Judging by the speed at which the government is launching scheme after scheme, you would think that it wants to knock the country into shape before this very year is out. Right on the heels of demonetization, PM Modi’s government has announced an online marketplace for ALL government purchases.
Moving government purchases online is a move that had long been suggested as something that could potentially change the system and root out a significant portion of corruption and other malpractices that currently prevail in the corridors of bureaucracy. The government is now actually implementing it and is transferring all of its purchases big or small, online.
The marketplace is already operational and has traded almost 390 million rupees ($5.7 million) since its inception in August.
Speaking on the topic, Rita Teaotia, a top bureaucrat in India’s commerce ministry said,
This provides India an opportunity for transformation. The transparency and competitiveness it has brought is very encouraging and so far we’ve seen that the government’s savings are at least 10 percent on every transaction.
However, $5.7 million is really peanuts compared to the amount that the government wants to support on the marketplace. Considering that the government is adamant about moving all of its purchases online — nthe marketplace could eventually be worth as much as $400 billion — once this goal of moving all things online, is fully realized.
To put things in perspective, $400 billion is somewhere around one-fifth of India’s total GDP. This is what the market will value itself at once state governments, state-owned companies, utilities, defense and railways all jump the bandwagon.
Hindrances to overcome:
The road to moving all of the government’s purchases online is not going to be easy. Internet access in the country still stands at a paltry 20 percent. Add to it the fact that a significant portion of the country’s bureaucratic workforce is ill-trained and you have landed yourself into a virtual quagmire before even starting.
A large portion of our offices are located in places where both electricity and Internet are unreliable. As such, it is not going to be easy to create an online platform and make sure that all of the government’s offices are able to access and utilize it properly.
With that said though,it is absolutely about time to do something about India’s poor showing in its mostly bureaucratically controlled purchases. The government buys stuff by the truckloads, so even a contract for supplying pens to it is very profitable enterprise. This has led to a string of scams — many of them unproved — that involves the bureaucracy and the businessman sharing the spoils. Things like this was the reason why India was ranked 76th on Transparency International’s 167-nation corruption index.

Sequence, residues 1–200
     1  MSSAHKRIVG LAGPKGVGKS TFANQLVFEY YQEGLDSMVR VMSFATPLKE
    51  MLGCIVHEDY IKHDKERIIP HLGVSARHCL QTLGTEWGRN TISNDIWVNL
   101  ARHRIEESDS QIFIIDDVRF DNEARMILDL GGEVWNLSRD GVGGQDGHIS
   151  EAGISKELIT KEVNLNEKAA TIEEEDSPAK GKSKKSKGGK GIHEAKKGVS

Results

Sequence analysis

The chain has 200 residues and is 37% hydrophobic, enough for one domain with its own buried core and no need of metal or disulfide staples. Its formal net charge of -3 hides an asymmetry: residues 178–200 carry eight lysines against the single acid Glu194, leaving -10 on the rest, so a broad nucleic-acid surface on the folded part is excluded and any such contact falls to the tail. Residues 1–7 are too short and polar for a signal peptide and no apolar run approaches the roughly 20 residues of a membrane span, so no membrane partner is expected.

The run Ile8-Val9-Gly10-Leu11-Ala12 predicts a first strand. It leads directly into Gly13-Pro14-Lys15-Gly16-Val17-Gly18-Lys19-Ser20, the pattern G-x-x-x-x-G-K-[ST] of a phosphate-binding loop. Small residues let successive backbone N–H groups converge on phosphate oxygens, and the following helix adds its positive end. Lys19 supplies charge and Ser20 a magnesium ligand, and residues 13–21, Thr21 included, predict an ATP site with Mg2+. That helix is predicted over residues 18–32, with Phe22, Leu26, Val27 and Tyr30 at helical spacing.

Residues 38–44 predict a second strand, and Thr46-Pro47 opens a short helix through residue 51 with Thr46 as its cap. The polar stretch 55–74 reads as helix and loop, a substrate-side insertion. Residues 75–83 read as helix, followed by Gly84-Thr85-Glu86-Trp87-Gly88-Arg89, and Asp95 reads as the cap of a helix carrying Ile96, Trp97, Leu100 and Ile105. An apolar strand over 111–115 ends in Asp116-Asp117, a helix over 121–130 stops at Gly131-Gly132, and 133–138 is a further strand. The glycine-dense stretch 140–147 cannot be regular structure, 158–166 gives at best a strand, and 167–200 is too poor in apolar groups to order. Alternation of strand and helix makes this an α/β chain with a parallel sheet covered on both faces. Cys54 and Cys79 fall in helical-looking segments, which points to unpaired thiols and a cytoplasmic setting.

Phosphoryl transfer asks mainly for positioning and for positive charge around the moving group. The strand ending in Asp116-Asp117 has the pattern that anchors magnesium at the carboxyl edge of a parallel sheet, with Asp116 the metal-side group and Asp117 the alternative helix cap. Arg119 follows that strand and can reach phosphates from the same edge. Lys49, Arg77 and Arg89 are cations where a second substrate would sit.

This latest move would introduce complete transparency to a sector that sorely needed it.
This should also help curb bureaucratic delays and corruption, which were said to be the greatest deterrents to business growth in India by a world bank survey.
As far as ease of usage is concerned, the platform is quite similar to Amazon, Flipkart, Snapdeal or any of the myriad of other e-commerce portals out there. It works the same way, allowing officials to hunt for a product out of a bunch of vendors and even compare prices offered on the marketplace by different vendors. Sellers on the other hand, will be able to make bids across a wide variety of articles required by the government.
What’s more, details of the officer making the purchase will also be logged — thus removing the veil of the department . Now, if anyone makes sub-standard purchases or indulges in practices that are question-worthy — well he should better have a good explanation for it. This should remove instances of petty official corruption and introduce an unprecedented amount of transparency into the system.
Meanwhile, the government has made participation of departments voluntary while also training and educating departments in leveraging the platform to their benefit. However, it is expected that once the government feels that departments can move online without a state of chaos — it will make participation and sales through the platform compulsory.